Who will pay if this deal goes sideways?
The answer isn’t just in your contract. It’s also about the reality that will play out in the event someone else is harmed as a result of the products or services that are changing hands.
For practical tips, check out Rebecca Gray’s latest article in collaboration with Contract Nerds:
We start by asking about the biggest risks associated with each transaction, and how those risks should be allocated between the parties. But apart from asking who should pay, there are the not-insignificant questions “who can?” and “who actually will?”
Indemnification clauses are important tools for managing third-party risks.
Theoretically, we’ll use an indemnification clause to make sure that the party at fault reimburses the other party for third-party claims associated with the contract.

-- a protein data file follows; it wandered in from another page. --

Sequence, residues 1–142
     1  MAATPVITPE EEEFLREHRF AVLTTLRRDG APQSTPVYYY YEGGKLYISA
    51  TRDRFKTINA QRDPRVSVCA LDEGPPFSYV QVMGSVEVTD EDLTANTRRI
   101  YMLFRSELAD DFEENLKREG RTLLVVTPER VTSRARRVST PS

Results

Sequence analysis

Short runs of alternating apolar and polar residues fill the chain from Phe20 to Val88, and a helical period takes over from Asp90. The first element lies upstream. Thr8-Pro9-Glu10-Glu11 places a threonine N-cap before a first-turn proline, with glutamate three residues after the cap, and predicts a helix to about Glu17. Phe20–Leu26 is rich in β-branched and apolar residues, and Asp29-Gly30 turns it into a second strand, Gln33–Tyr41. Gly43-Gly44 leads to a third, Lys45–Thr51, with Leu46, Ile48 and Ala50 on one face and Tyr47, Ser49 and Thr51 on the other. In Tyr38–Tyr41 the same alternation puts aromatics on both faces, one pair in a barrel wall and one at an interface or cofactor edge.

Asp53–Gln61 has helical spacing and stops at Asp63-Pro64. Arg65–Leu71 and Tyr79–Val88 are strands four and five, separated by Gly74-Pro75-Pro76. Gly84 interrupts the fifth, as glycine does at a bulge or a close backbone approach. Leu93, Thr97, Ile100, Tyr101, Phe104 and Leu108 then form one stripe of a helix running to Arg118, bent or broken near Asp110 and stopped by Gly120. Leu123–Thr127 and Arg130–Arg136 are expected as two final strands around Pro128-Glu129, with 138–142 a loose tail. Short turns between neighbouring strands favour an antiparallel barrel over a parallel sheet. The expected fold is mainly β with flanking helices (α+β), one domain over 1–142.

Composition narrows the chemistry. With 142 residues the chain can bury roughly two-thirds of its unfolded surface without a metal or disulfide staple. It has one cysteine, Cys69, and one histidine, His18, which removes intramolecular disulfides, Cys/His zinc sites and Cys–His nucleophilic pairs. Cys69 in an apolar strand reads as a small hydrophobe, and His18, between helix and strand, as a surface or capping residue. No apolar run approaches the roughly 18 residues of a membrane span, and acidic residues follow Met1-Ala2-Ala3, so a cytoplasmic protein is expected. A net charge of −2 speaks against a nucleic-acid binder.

But bargaining power often plays an outsized role in contract negotiations.
Before you flex your contracting leverage, think about the actual mechanics behind the deal. Is there insurance, an operating margin, escrow, or other money available to cover the risk in question? Forcing the other side to agree to an indemnification clause they can’t insure or pay for does not actually shift the risk. Instead it just increases the uncertainty—and therefore cost—associated with that particular risk.
Just because you can get the other side to agree to a broad indemnification clause, doesn’t mean you should.